Invisible Children’s infamous Kony 2012 video brought the horrors of Uganda’s warlord Joseph Kony to our living rooms. But questions over their financing and behaviour left the charity as embattled as their subject. Two years later Emirates Woman investigates what happened next…

Joseph Kony is a monster. Since 1987, his Lord’s Resistance Army (LRA) has butchered, brutalised, raped and murdered its way across Uganda, abducting over 10,000 children in the process.  A conflict 20 years in the making, Uganda’s plight finally came to international prominence in March 2012, when the charity Invisible Children decided to make Kony infamous.

Their video Kony 2012 was a Hollywood take on the crisis, a lavish call-to-arms told in quick cuts and emotional sound bites. Posted on YouTube, the video swiftly went viral, championed by liberal heavyweights including George Clooney and Oprah Winfrey. As views spiralled up towards 75 million, so did the donations, with the charity raking in US$20 million during 2011-12.

Invisible Children rode a wave of support all the way to the White House, where Barack Obama put a US$5 million bounty on Kony’s head and promised to lend military support to the beleaguered nation.

“Is Joseph Kony a direct threat to the United States? No,” said Scott DeLisi, the US ambassador to Uganda, at the time. “He’s not targeting US citizens. He’s not targeting US embassies. He’s not Al Qaeda. Why is the United States engaged in the world, for goodness sake? If we are true to what we believe in as Americans… we need to get rid of Joseph Kony.”

For the first time in years public and political sentiment were in alignment. Unfortunately, the problem with going viral is that sooner or later coverage spreads beyond your control. Critics of Kony 2012 thought the video simplified the conflict, gifting Obama a PR victory in the process. And once they were done with the message, critics rounded on the messenger.

Newspapers began pouring over Invisible Children’s finances, questioning why 81.48 per cent of its fundraising stash had been spent on “media, mobilisation, protection and recovery”. To compound matters, co-founder Jason Russell was filmed running around the streets while almost nearly naked, “making sexual gestures and vandalising cars”. Doctors blamed a “brief reactive psychosis, an acute state brought on by extreme exhaustion, stress, and dehydration” – otherwise known as a breakdown.

Two years after Kony 2012, Invisible Children has become the story, its success a byword for “slacktivisim” – or the desire to make yourself feel better without actually doing any good. Belittled and undermined, their follow up video sank without trace, while Joseph Kony remains at large. Many see the organisation as a failure. They’re wrong… mostly.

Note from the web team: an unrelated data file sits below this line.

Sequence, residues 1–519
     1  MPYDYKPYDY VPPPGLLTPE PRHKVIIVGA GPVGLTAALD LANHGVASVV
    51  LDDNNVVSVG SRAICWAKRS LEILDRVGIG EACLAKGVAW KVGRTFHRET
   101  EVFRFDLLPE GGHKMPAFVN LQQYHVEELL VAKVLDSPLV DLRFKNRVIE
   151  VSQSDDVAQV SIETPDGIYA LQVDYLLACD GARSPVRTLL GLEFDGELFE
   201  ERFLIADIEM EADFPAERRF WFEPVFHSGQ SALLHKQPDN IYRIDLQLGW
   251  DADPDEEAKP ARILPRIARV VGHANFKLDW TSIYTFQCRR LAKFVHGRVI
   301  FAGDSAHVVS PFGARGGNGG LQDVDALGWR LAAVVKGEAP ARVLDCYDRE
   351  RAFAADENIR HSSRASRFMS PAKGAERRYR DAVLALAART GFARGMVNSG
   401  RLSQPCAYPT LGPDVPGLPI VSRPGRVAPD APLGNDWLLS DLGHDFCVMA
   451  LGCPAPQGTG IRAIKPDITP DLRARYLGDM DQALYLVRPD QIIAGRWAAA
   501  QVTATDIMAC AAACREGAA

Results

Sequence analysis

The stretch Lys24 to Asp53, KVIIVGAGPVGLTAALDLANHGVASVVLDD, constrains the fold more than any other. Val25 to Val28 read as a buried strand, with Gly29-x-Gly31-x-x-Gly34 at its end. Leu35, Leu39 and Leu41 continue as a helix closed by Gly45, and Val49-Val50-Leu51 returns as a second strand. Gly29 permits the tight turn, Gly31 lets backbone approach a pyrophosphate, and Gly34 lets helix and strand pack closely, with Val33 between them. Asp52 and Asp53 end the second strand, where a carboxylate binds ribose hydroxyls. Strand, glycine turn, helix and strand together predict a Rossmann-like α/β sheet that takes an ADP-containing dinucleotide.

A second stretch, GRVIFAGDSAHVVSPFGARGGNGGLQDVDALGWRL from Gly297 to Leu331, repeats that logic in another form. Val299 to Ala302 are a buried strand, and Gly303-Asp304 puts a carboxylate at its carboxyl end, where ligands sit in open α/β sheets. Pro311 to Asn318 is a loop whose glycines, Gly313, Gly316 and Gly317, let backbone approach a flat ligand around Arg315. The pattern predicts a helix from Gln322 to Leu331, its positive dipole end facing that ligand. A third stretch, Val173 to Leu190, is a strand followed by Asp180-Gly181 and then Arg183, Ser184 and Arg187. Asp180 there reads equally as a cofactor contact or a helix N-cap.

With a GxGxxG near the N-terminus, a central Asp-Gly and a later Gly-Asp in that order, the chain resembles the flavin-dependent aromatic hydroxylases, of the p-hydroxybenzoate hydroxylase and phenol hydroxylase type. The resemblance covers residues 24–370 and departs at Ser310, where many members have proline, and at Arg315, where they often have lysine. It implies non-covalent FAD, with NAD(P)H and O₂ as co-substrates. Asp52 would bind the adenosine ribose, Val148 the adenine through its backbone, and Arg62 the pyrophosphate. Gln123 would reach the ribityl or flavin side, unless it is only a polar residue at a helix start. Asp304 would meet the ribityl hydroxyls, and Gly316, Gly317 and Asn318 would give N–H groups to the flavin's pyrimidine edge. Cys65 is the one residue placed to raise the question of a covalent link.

Joseph Kony may be a monster, but he’s a monster of Uganda’s own making. The LRA sprung up in 1987 to battle the National Resistance Army (NRA), which would ultimately take control of the country. The NRA was bloodthirsty and belligerent, with murder, rape and the employment of child soldiers all seen as legitimate tactics. Kony agreed. Born into a Christian family in northern Uganda, he was an altar boy who became a witch doctor. In the early days, he would tour villages, talking to the elders of his plans to create a government based on the Ten Commandments. He’s since broken every one of them, but his belief has never wavered – Joseph Kony believes he’s a messenger.

“You should know that war is war, and war did not start with me, Kony,” he told villagers in a rare speech caught on film. “Mountains and land are taken by spears. Women are taken by spears. Nations the world over have conquered by force. So I am telling you Acholi [Ugandan people] elders, that I am as informed about the world as you are. If I had not known about the world, when the world is this bad, do you think I would have survived as long as I have? God establishes the throne and appoints the rulers, and my ancestral spirit has already anointed me.”

Unfortunately, the Acholi elders had no intention of anointing Kony. Their society had just been decimated by the NRA campaign, and they had no desire to hand over their young men for another war when there were fields to be tilled and homes to be rebuilt. Kony saw it as betrayal, and while his rhetoric of overthrowing the government remained, his true purpose changed. He began to punish his people for their “sin”, and his tools were their own children.